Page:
Social media has sprung into the public consciousness like a bat out of a hell, and with it, has brought sweeping changes in the way people operate online. Social shopping, online marketplaces that revolve around innovative communities, and merchandise created on demand, is one of the greatest developments spawned by the social media revolution.
(Images via threadless, 2, 3)
One of the biggest breakout success stories in social shopping is the tee shirt community Threadless. Founded in Chicago, the company has evolved around the community creating the shirts, and voting for their favorites. Only when a certain design has hit a tipping point, is it actually printed.
(Images via storenvy, cherry sauce)
Storenvy has created an innovative approach that provides small sellers with free online stores and easy ways for site visitors to share their favorite items with their social group. Storenvy is a great way for shoppers to browse, and a fantastic way to publicize and sell one’s wares.
Cafepress doesn’t have as classy an image as the Threadless and Etsy’s of the world, but it certainly serves a purpose. Cafepress is notable for allowing you to slap an image or design across every conceivable surface, from tee shirts and calendars to coffee cups and mouse pads.
(Images via society6, alvarotapia)
Society6 occupies a niche for on demand publishing of high quality artwork at affordable prices. It’s as close as most artists are able to get to cutting out the middle-man between them and their customers. Society6 is able to bring a slew of creativity to the marketplace that would otherwise be a struggle to sell in mainstream galleries.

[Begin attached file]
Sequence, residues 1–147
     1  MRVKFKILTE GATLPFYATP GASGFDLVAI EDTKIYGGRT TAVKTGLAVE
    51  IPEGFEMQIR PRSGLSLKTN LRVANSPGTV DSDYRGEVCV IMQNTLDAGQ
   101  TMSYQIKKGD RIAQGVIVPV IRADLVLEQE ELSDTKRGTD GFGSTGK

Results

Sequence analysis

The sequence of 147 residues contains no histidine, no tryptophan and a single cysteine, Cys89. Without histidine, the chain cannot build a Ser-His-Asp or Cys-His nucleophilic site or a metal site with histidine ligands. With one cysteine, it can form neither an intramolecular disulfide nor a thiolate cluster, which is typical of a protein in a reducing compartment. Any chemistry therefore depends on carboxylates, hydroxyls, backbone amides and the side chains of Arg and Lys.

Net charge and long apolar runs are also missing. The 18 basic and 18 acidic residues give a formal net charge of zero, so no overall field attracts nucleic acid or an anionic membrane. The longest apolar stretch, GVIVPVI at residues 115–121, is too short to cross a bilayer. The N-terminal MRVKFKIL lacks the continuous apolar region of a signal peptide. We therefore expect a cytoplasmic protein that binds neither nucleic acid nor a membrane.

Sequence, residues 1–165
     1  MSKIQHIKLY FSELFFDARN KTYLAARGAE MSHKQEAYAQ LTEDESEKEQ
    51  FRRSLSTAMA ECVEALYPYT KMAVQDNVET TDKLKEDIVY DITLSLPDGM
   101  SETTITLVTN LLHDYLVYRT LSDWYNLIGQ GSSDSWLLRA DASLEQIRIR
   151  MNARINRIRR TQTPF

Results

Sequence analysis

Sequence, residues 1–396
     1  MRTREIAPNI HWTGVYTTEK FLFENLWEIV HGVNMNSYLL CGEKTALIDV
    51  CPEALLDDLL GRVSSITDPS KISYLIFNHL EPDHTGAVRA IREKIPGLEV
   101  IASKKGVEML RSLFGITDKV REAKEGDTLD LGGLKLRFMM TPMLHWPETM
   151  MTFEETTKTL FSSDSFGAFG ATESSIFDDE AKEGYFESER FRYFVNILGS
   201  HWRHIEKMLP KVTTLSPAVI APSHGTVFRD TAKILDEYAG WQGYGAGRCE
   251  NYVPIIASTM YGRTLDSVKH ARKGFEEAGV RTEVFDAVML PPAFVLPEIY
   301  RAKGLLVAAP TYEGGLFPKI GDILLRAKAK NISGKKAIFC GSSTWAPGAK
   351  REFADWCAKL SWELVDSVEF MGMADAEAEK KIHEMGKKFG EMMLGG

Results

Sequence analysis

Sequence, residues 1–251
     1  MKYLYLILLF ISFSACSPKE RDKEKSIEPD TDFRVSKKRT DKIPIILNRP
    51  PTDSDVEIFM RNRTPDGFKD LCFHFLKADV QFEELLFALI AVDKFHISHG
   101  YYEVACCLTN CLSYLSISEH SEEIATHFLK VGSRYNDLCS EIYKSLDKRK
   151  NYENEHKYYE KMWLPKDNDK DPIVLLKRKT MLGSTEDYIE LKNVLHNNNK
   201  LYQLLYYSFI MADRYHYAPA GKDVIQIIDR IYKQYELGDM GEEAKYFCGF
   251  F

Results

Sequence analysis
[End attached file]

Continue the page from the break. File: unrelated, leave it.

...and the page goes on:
Lulu allows authors to publish their own books and ebooks at a low cost that allows any writer to get their novel out there. By allowing books to be published as they’re purchased, the power is in the hands of the author rather than gigantic publishing companies.
(Images via kickstarter, wileywiggins)
Kickstarter is one of the most innovative sites to harness the community, as it allows homespun entrepreneurs to seek funding from a bunch of small investors rather than hunting down investors who only have millions to give. The entrepreneur is able to give their elevator speech in a short video, and in exchange for slapping some money on the table, they lay out prizes to help compensate you for helping their cause.
(Images via deviantart, maskqueraide)
DeviantART leans heavily toward the community side of the spectrum, with almost all of the site’s emphasis being on sharing and commenting on other’s art. The artwork is easy to browse and ranges from crude doodles to fine photography.
Etsy is the undeniable King of shops for small crafters. Allowing everyone to create their own virtual shop with all of the security and amenities of their own store has fostered a creative explosion. When scale no longer bars a crafter from selling their wares, quality tends to go up. Etsy has a devoted community, and innovative search functionality, including a “search by color” page.